It's not a matter of "lesser mass", it's a matter of whether the object is in free fall or is being subjected to a force (which, as noted in the thread title, does not include gravity). An object on the Earth's surface and at rest relative to the Earth is subjected to a force: the Earth's surface is pushing up on it. A rock falling after it is dropped, or a spaceship in orbit, is not subjected to a force. That's why they have zero proper acceleration.
 
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  • #11
sysprog said:
Why the complete exclusion of proper acceleration for the object of lesser mass?
It's not the lesser mass that makes the difference, it is the complete absence of non-gravitational (that is, "real") forces. The surface of the Earth is being pushed upwards by the material underneath it (otherwise it would freefall to the center of the Earth instead of being a surface) and it is that force that produces proper acceleration upwards. The free-falling object is not subject to any such force (until it hits the surface) so has no proper acceleration.
 
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  • #12
@PeterDonis, @Nugatory ##-## thanks for your explanations.
nugatory said:
The surface of the Earth is being pushed upwards by the material underneath it (otherwise it would freefall to the center of the Earth instead of being a surface) and it is that force that produces proper acceleration upwards.
Isn't that equally true of the surface of the object of lesser mass? I appreciate your illustration; however, wouldn't your example suggest that the proper acceleration of the surface of the lesser mass is non-zero?
 
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  • #13
zoltrix said:
hello

according to GR gravitational force is not a real force rather a space time curvature
ok a body in motion follows a sort of invisible rails
why doesn't a body at rest remain at rest, then ?
Note that locally even though the gravitational force is locally not a real force, it locally still is a fictitious (or inertial) force. Inertial forces certainly can and do produce coordinate acceleration in the reference frames where they exist.*

To get rid of inertial forces requires going to an inertial reference frame. The local frame attached to a free falling object is such a frame, and indeed free falling objects do not accelerate in such local inertial frames.

*added the qualifier “coordinate” see below
 
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  • #14
Dale said:
Inertial forces certainly can and do produce coordinate acceleration
The bolded qualifier I inserted above is important. Inertial forces cannot produce proper acceleration.
 
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  • #15
sysprog said:
Isn't that equally true of the surface of the object of lesser mass?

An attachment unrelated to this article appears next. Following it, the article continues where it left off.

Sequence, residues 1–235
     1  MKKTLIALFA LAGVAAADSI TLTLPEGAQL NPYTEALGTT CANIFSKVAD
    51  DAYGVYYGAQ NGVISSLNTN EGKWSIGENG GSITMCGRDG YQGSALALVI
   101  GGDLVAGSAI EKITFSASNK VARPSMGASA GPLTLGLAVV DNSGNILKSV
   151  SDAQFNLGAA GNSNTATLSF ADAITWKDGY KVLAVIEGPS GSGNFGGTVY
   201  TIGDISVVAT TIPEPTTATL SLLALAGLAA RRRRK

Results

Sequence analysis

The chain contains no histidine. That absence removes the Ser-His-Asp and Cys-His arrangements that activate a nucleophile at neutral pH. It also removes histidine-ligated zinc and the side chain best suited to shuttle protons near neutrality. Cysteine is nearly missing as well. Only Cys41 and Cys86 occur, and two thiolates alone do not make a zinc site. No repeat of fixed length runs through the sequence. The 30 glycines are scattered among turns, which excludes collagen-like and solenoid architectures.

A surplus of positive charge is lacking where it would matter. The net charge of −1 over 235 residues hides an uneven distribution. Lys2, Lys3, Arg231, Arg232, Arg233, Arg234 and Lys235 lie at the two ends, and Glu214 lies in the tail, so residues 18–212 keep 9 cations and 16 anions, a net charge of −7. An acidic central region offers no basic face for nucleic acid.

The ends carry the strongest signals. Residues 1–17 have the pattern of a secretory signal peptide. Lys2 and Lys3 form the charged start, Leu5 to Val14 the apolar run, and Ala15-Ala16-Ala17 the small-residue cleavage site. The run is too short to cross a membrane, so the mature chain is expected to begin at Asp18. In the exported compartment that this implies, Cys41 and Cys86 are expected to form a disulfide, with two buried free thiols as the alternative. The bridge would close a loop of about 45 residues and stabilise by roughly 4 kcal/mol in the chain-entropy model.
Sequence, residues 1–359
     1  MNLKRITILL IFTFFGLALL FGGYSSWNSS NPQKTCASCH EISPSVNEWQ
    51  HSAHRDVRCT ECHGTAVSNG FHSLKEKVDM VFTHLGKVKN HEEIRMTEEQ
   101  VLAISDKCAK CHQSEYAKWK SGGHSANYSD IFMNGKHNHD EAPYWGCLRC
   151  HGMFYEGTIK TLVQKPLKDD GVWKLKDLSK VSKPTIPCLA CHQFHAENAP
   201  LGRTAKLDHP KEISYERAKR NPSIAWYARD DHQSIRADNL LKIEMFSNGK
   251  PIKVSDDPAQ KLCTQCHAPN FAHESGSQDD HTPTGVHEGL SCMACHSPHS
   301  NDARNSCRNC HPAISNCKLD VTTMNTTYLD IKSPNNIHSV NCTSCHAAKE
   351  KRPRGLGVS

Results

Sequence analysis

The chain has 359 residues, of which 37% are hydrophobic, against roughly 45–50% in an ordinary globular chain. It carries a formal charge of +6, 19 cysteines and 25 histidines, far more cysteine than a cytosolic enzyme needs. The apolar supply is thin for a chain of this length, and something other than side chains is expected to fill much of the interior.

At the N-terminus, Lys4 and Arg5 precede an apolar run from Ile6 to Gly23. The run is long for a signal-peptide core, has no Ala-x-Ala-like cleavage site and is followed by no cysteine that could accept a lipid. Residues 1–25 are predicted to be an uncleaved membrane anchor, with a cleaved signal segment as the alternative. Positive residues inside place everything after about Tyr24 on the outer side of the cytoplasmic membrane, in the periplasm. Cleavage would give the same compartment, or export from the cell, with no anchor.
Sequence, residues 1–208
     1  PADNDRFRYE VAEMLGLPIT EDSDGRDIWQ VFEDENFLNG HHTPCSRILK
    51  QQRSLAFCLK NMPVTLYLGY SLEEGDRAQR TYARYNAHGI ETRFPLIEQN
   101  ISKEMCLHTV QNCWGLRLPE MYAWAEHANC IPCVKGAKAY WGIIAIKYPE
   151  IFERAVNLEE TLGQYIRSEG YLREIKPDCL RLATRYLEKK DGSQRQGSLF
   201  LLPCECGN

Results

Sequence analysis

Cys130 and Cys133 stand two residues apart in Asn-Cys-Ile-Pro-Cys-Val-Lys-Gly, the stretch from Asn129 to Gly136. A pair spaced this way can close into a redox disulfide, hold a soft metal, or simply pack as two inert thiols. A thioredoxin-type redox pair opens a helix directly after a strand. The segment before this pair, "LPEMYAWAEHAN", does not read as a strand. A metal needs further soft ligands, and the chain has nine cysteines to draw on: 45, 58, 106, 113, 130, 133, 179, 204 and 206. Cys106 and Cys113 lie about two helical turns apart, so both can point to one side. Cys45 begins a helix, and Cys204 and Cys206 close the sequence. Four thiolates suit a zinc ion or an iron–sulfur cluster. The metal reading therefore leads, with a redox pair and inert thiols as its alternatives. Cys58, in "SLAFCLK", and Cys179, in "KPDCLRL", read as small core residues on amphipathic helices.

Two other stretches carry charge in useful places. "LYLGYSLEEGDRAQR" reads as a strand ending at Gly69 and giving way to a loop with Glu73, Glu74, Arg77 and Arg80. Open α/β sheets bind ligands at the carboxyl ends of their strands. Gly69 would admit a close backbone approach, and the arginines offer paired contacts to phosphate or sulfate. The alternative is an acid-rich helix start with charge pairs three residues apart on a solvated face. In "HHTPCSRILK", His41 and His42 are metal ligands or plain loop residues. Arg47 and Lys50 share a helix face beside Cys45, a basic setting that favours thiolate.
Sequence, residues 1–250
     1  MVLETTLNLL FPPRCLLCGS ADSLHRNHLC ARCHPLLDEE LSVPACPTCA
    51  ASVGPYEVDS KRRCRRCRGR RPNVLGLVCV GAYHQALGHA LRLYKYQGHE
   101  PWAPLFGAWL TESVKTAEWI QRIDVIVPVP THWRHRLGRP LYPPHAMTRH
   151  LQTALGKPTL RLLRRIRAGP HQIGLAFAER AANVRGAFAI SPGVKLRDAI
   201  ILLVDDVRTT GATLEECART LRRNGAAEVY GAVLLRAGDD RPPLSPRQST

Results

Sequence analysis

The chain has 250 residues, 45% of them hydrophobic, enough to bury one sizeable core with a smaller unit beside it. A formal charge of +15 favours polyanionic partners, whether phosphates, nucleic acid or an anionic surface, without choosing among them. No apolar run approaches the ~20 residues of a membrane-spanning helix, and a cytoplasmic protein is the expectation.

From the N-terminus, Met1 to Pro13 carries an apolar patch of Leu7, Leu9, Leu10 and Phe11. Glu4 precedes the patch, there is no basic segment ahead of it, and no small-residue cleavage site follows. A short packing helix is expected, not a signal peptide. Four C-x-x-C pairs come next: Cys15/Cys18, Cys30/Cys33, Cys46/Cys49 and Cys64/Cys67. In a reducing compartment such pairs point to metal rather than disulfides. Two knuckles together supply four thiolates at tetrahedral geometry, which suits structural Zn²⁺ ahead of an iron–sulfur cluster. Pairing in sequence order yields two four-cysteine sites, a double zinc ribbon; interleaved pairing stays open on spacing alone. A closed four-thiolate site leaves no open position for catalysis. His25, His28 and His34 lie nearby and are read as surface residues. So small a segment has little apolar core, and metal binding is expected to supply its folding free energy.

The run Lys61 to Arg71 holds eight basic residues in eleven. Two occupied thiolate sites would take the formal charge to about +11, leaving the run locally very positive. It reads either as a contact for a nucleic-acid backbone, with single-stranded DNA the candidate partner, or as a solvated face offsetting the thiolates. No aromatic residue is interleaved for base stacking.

If that's the scenario you are interested in, yes. For example, if you're standing on the Moon, you have nonzero proper acceleration. But if you are at the Moon's center of mass, you don't. (Nor do you if you are at the Earth's center of mass.)

I don't think that is the kind of scenario the OP is asking about, though. I think the OP is asking about the simpler situation where only one body (such as the Earth) has non-negligible mass (i.e., enough mass to have measurable gravity).
 
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  • #16
sysprog said:
Isn't that equally true of the surface of the object of lesser mass?
In principle, yes, but it's incredibly small for anything smaller than a decent sized asteroid since gravity is very weak.
 
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  • #17
sysprog said:
appreciate your illustration; however, wouldn't your example suggest that the proper acceleration of the surface of the lesser mass is non-zero?
It is - indeed this will be true of anything that is not an idealized point particle with no surface or spatial extent.

It would be a good exercise to calculate the proper acceleration of the surface of, for example, a 10 kg iron cannonball in free fall. Compare this with the 9.8 meters per second per second of the surface of the Earth and you will see why we feel justified in treating all parts of the cannonball as if they are in free fall.
 
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  • #18
Orodruin said:
No. The point is that the object does not accelerate (unless acted upon by a force) in the sense of proper acceleration. If you consider an object "falling" to the ground, it is actually the ground that has proper acceleration, not the falling object.
OK the "Einstein's elevator" is well known
a good starting point but far away from being a comprehensive and exhaustive explanation ,in my opinion
Here in the old Europe material bodies use to fall down with an improper acceleration
The same in Australia, I suppose
where is such common ground ?
I think that the correct explanation come from your own words

"You did not take relativity of simultaneity into account."

such concept shout be expanded for a correct explanation
relativity of time and space does not depend on motion only
also mass and energy have an effect on the flow of time and space and cosequenti on velocity and acceleration
in other words also the "improper " acceleration should be a matter of "metrics" same as the apparent shrink of bodies in motion